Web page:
Verse > Anthologies > Harriet Monroe, ed. > Poetry: A Magazine of Verse, 1912–22
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Harriet Monroe, ed. (1860–1936).  Poetry: A Magazine of Verse.  1912–22.
 
The White Father
By Cecil John
 
From “On the Edge”

MEN never know what’s written in their stars.
Paul was a cadet of an old French line;
A lad, he was devout, on fire to serve,
Became père blanc, wore robes, and grew a soft brown beard.
Three times in Africa he learned new tongues        5
To bring the blacks to Christ;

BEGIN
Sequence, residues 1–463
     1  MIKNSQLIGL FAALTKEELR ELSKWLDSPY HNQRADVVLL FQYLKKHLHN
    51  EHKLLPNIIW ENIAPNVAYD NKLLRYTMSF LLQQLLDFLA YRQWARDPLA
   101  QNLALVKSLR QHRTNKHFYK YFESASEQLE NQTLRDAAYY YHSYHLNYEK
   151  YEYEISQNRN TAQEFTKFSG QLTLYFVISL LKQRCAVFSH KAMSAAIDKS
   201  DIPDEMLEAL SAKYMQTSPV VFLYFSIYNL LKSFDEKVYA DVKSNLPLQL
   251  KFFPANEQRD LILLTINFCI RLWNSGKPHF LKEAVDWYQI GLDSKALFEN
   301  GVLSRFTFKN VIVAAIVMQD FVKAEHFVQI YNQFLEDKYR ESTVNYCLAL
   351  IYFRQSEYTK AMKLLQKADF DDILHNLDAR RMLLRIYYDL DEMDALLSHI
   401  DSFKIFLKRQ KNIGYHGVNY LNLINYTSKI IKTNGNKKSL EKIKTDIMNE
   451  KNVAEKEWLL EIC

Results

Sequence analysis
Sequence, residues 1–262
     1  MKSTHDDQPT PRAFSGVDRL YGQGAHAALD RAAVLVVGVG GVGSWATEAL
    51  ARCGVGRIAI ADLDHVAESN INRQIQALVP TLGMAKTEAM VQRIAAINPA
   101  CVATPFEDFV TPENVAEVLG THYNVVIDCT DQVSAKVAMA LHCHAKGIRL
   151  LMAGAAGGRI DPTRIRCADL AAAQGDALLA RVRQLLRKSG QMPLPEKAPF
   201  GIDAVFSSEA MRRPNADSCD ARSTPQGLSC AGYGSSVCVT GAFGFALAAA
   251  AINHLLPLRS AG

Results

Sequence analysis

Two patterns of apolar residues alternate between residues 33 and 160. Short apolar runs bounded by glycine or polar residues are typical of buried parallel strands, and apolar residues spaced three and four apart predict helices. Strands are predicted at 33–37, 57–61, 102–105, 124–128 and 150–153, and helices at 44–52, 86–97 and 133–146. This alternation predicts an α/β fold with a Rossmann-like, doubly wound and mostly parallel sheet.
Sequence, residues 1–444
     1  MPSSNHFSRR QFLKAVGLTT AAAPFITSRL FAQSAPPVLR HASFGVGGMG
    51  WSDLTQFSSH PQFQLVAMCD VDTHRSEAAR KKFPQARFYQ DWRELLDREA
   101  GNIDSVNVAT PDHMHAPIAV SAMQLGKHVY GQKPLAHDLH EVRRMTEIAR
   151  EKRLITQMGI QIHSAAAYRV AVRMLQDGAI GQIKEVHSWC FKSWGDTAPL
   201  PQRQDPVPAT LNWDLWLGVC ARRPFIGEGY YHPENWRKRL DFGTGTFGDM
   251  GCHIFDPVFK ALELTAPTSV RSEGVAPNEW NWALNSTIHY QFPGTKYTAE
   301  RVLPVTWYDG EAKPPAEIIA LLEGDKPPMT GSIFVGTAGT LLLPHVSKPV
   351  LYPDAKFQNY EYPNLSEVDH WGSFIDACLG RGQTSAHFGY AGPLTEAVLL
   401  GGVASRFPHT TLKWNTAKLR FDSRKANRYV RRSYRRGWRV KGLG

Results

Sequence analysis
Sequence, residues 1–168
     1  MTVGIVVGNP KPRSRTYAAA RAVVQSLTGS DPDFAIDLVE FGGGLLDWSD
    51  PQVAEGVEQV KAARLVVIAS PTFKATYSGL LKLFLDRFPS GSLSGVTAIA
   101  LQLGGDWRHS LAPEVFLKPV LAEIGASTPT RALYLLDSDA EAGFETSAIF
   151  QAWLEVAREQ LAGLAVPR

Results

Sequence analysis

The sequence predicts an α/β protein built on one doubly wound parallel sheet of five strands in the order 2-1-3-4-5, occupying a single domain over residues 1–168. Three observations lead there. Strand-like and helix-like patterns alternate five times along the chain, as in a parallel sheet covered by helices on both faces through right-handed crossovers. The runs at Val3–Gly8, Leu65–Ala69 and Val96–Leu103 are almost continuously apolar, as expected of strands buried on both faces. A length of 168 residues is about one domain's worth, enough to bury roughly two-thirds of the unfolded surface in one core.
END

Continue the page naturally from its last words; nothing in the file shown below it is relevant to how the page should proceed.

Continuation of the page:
He baptized greasy babes, confirmed half-naked urchins,
Wed savages in skins and beads
And heard thick-lipped confessions….
He heard one too many—        10
A slim young jade in scarlet calico,
Bare-shouldered, saucy-eyed,
Came whispering.
 
Later he in his turn confessed the wrong he’d done,
The coming trouble. One child more or less        15
To native wenches would not shake the world;
But his superior was virtuous—
Paul was unfrocked, no longer a père blanc.
He married that black girl;
He brought their black brat to the Holy Fount,        20
By his small hut—he tried to keep it clean;
He grew good vegetables to sell to the few Europeans of the post.
At last he shot himself.
 
Not in the consecrated ground
Could he find burial,        25
But on a lonely hillside, weighted down
With stones to keep the beasts away.
 
 
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